4. "When the Duchy of Warsaw was created, Toruń was freed from Prussian occupation (1806) and included into the Duchy's territory". Rocznik Polskiego Towarzystwa Naukowego na Obczyźnie, Tomy 43–44 Polskie Towarzystwo Naukowe na Obczyźnie, page 60, 2001
  5. "in 1806 provided the impetus for a Polish uprising against Prussian occupation in 1806 and again in 1830–1831" Why Nations Fight: Past and Future Motives for War Richard Ned Lebow, page 153 Cambridge University Press 2010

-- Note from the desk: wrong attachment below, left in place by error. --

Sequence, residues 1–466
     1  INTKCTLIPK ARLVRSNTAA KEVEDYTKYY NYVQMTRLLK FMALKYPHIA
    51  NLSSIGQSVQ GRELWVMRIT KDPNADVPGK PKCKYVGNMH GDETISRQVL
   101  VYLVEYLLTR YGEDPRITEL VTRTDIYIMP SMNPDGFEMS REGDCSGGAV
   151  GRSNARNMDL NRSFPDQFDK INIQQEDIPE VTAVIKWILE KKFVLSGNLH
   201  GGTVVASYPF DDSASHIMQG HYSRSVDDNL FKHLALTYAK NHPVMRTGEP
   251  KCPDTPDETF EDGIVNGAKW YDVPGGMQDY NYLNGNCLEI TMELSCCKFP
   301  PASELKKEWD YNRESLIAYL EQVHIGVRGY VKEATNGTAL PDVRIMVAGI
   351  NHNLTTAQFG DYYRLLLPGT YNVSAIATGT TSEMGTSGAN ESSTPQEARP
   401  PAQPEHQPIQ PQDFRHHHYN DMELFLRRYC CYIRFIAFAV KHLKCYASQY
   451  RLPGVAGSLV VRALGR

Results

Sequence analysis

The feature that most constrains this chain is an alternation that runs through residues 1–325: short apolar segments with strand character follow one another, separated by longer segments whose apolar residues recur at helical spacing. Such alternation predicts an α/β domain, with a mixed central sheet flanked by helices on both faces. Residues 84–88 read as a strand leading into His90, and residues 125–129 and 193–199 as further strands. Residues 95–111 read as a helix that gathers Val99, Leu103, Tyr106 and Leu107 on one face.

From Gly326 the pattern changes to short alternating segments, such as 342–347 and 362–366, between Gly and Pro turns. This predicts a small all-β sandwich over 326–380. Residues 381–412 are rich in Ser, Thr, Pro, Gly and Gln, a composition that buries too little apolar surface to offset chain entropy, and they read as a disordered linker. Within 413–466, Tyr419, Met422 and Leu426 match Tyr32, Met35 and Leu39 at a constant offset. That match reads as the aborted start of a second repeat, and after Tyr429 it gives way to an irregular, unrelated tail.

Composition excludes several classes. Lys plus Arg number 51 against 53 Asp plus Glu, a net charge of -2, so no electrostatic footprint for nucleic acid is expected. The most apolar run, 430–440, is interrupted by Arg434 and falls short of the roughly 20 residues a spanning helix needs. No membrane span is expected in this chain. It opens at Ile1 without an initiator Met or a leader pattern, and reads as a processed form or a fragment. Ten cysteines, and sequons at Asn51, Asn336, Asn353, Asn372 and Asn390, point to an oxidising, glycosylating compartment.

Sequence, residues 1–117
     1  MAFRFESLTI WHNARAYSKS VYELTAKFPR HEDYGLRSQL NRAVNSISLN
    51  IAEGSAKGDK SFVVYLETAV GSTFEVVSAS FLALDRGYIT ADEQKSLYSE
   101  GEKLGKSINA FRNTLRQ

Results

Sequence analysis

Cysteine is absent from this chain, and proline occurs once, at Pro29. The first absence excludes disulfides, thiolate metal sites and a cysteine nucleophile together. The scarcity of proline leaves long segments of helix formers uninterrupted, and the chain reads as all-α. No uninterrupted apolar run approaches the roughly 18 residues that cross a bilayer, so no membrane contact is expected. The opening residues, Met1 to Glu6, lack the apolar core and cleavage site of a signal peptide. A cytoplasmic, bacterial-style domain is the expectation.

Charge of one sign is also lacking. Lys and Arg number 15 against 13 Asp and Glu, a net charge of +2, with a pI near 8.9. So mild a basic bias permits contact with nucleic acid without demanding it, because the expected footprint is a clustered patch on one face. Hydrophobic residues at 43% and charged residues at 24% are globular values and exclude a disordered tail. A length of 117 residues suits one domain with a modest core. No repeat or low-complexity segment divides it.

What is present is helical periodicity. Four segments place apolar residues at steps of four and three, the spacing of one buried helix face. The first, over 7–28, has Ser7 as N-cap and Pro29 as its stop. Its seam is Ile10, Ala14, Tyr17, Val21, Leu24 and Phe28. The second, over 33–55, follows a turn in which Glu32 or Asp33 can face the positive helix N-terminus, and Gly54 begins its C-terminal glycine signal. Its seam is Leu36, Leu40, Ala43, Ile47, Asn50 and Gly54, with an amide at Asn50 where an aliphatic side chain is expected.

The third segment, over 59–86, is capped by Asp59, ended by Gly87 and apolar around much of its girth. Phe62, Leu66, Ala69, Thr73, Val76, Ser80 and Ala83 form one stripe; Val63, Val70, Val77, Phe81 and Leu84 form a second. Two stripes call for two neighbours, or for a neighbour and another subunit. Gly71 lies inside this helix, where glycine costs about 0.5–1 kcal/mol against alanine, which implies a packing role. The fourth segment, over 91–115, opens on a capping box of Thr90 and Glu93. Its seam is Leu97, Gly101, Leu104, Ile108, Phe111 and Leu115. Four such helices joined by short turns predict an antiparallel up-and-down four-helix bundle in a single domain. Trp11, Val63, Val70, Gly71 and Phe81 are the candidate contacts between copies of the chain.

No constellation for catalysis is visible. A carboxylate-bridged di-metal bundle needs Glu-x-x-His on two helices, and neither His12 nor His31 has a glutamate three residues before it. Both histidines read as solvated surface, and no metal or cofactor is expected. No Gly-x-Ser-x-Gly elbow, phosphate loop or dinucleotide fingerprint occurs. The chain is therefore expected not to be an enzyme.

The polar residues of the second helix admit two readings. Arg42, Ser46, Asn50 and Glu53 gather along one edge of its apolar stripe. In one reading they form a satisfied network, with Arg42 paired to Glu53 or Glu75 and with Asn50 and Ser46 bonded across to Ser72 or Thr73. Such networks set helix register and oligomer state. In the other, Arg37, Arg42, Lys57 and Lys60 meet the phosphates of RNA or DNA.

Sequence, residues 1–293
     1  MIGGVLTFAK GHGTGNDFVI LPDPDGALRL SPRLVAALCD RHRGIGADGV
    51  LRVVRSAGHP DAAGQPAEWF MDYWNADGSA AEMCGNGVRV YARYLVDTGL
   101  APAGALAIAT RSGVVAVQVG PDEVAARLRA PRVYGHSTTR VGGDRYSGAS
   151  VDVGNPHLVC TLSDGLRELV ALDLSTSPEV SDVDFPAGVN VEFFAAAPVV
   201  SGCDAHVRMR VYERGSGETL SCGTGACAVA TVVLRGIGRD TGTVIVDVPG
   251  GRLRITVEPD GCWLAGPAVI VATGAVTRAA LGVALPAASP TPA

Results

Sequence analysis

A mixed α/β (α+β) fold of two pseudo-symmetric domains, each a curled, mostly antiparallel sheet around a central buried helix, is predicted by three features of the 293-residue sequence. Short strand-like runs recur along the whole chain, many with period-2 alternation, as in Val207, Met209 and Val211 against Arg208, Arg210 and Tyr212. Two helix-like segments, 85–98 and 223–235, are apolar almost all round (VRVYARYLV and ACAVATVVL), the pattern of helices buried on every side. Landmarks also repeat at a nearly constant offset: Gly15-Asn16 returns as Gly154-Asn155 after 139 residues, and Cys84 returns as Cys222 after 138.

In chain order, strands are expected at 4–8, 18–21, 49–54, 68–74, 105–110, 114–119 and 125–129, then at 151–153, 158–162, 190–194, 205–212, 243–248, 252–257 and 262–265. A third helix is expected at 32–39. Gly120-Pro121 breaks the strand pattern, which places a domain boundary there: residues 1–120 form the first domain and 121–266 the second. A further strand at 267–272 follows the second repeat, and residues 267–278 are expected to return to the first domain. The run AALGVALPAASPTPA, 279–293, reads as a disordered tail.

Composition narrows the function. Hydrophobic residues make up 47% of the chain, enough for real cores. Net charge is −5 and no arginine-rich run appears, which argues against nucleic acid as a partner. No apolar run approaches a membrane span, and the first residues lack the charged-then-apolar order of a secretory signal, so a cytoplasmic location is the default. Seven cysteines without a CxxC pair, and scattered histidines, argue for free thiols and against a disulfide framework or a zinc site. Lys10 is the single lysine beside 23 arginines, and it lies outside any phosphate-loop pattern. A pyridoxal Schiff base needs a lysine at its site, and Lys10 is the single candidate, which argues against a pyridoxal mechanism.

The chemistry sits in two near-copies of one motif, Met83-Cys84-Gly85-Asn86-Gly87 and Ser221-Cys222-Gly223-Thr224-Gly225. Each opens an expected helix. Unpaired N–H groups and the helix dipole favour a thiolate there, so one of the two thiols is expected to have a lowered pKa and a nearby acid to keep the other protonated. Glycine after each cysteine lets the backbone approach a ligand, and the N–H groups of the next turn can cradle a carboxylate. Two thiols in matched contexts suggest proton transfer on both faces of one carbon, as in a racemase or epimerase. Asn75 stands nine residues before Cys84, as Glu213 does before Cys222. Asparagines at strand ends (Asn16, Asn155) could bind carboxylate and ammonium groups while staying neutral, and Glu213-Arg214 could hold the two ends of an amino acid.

6. "In 1772, before the Prussian occupation, only four Jewish families had lived there; in 1815, it numbered 233 Jewish inhabitants" A History of Modern Jewry: 1780–1815, Raphael Mahler, page 364. Schocken Books
  7. 1 2 3 4 5 Andrzej Chwalba – Historia Polski 1795–1918 Wydawnictwo Literackie 2000 Kraków pages 175–184, 307–312
  8. Wielki Fryderyk: Adolf Nowaczyński Zakład Narodowy im. Ossolińskich, page 45, 1982
  9. Dzieła wybrane,Ferdynand Goetel, Ida Sadowska, Krzysztof Polechoński, Maciej Urbanowski Wydawnictwo Arcana,page 300, 2006